In one of the inmost circles, a sacred elephant had gone must, breaking his ropes, and confined now by only one leg. The chains fastened round his feet as soon as he showed the first symptoms of madness were lying broken in heaps on the ground. The brute had demolished the walls of his stable and then two sheds that happened to be in his way; now he was stamping a dance, every muscle in incessant motion, half swallowing his trunk, flinging straw in every direction, and finally heaping it on his head. A mob of people stood gazing from a distance, laughing at his heavy, clumsy movements; at the least step forward they[Pg 113] huddled back to fly, extending the circle, but still staring at the patient. In an adjoining stable were two more elephants very well cared for, the V neatly painted in red and white on their trunks, quietly eating and turning round only at the bidding of the driver; but one of them shed tears.
After breakfast a party of jugglers appeared in front of the hotel; they performed on a little carpet spread under the shade of a banyan tree. Acrobatic tricks first, human ladders, feats of strength; then nutmegs were made to vanish and reappear; and finally they conjured away each other in turn, in little square hampers that they stabbed with knives to prove that there was nobody inside;[Pg 11] and to divert the spectators' attention at critical moments they beat a tom-tom and played a shrill sort of bagpipe. Under a loggia, flowery with mosaics of jasper and carnelian, the emperor, seated on a white marble throne embroidered with carving, administered justice. At his feet, on a raised stone flag, the divan, his prime minister took down the despot's words, to transmit them to the people who were kept at a respectful distance under a colonnade, forming a verandah round the imperial palace. Really the prison this time! in the midst of a large enclosure with high walls; a building on a star-shaped plan, with large windows to admit air and daylight. The prisoners, in a white uniform, with chains on their feet, were manufacturing various articles in basket-work, and in a shed with a cotton awning a hundred or so of convicts were weaving carpets. The brilliancy of colour was indescribable; the vividness of the medley of worsted piled by the side of the gorgeous looms, the light hues of the dresses, the faded turbans touched with light, the glitter of the steel chains, the bronze skins, glorified to gold in the quivering sunshine, which, scarcely subdued by the awning, bathed the[Pg 87] scene in a glow so intense that it seemed to proceed from the objects themselves. Behind each loom sat a warder, with the pattern of the carpet on his knees, dictating the colours to the weavers, chanting out his weariful litany of numbers and shades in a monotonous voice.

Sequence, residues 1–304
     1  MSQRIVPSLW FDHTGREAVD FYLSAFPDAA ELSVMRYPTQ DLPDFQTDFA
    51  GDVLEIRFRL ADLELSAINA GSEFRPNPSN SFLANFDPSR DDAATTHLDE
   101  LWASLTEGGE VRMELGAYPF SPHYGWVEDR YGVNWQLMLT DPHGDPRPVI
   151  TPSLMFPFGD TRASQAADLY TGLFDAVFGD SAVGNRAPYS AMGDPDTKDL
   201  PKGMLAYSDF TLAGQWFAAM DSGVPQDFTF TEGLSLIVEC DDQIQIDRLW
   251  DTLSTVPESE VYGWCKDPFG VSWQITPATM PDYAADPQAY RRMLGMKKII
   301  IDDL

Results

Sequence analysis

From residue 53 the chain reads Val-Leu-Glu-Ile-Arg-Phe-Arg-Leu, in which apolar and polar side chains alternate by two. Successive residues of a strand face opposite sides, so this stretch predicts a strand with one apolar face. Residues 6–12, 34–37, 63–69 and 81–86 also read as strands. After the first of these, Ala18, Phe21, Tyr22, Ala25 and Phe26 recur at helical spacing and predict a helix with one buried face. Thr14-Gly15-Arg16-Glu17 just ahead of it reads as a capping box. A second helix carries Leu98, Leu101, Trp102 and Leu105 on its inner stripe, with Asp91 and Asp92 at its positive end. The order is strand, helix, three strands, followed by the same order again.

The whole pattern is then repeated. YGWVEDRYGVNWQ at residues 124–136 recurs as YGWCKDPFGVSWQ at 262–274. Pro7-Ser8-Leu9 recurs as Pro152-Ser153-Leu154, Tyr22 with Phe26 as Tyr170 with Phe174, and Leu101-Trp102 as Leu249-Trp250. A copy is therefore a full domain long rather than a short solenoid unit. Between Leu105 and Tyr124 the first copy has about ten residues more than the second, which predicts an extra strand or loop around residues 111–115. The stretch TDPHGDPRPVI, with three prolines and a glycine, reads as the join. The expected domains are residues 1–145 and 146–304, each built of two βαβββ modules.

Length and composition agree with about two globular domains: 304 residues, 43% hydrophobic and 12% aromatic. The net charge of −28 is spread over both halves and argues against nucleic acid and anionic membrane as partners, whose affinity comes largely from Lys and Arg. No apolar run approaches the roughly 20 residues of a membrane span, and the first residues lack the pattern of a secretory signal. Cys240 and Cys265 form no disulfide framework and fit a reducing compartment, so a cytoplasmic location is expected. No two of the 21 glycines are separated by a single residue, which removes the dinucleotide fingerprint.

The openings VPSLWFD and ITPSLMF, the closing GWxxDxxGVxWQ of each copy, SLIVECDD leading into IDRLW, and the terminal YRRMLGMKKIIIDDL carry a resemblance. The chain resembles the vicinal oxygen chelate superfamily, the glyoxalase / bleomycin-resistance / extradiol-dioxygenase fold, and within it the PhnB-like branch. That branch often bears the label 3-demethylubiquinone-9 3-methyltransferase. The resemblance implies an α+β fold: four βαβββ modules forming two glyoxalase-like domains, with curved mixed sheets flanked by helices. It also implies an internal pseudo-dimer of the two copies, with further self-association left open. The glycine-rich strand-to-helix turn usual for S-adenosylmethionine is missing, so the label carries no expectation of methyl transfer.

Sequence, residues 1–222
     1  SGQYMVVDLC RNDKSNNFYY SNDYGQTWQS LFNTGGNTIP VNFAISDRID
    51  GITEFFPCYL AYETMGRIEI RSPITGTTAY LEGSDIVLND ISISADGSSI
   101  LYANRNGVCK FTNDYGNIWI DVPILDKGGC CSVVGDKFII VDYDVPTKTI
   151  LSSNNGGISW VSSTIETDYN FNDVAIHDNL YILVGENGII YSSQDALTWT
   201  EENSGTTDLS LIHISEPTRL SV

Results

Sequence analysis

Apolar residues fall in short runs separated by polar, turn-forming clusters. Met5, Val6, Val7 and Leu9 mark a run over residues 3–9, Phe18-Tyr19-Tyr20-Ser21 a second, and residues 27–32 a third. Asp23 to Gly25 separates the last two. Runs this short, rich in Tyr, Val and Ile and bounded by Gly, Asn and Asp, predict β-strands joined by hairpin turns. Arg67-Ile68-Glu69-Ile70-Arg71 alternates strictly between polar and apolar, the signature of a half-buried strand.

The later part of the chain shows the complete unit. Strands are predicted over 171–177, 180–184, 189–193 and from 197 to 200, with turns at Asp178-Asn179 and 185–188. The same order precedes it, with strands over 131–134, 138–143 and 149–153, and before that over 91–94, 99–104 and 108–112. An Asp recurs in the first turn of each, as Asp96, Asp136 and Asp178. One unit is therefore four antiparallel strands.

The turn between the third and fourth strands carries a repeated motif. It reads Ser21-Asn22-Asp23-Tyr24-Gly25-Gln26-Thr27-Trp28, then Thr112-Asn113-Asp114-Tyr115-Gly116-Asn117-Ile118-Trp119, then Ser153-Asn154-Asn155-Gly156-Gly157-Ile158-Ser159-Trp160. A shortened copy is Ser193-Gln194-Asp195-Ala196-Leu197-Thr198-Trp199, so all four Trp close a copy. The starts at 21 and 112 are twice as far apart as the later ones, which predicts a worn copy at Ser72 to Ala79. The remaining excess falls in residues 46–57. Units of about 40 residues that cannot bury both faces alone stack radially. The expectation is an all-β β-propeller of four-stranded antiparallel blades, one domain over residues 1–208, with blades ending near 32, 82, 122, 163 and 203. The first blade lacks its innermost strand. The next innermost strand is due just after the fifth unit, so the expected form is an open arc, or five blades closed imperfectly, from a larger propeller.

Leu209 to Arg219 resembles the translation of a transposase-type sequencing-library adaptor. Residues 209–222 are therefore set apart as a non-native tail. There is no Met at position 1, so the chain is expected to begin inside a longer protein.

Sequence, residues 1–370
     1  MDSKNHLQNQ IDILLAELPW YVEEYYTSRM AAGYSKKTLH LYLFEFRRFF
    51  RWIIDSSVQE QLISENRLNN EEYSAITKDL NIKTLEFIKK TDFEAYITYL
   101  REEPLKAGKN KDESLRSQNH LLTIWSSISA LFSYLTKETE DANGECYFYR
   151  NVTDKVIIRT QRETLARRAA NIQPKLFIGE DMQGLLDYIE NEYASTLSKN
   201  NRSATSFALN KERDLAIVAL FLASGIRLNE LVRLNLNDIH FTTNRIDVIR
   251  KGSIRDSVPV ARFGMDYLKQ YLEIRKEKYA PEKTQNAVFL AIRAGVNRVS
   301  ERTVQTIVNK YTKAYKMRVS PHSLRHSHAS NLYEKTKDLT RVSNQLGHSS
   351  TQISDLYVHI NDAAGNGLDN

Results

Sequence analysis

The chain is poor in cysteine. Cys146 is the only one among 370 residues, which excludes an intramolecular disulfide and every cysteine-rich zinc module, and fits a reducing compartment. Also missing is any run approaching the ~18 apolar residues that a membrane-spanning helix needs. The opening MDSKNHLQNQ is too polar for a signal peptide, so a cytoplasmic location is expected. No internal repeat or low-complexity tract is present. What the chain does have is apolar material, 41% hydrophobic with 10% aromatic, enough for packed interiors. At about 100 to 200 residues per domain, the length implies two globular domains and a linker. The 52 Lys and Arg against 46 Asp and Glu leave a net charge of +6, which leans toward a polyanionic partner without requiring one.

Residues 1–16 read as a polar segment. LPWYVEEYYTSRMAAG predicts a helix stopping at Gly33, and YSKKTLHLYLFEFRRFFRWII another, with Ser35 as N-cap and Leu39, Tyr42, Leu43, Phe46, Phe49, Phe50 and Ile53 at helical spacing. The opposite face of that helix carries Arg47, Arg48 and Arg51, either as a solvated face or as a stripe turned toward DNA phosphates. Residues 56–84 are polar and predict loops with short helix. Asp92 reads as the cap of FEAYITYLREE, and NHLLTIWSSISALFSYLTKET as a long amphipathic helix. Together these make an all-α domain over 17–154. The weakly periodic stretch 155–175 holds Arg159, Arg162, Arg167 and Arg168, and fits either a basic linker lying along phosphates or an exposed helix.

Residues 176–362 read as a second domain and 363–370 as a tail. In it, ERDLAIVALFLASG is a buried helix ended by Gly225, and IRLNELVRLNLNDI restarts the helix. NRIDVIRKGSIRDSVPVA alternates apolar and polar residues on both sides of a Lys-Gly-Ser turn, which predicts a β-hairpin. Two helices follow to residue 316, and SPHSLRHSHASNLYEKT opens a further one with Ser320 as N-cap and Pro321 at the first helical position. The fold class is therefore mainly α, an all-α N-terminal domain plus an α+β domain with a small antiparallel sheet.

Before us the road lay pink in colour, with purple lines where the pebbles were as yet un-crushed; it was hedged with blossoming thorn-bushes, and among the yellow and violet flowers parrots were flitting, and screaming minahs, large black birds with russet-brown wings, gleaming in the sun like burnished metal.
In the chief temple, whose walls were painted all over, a huge Buddha of gold and silver was hidden under wreaths of flowers round his neck, and a diadem of flowers on his brow, where blazed a luminous diamond; and flowers were arranged in a canopy over his head, and were strewn like a carpet on the steps of the shrine. DOMEL
In the evening, on my way to dine with a friend by Malabar Hill, I could hardly recognize some parts of the town: houses, a camp of little huts and tents, a whole district had been swept away.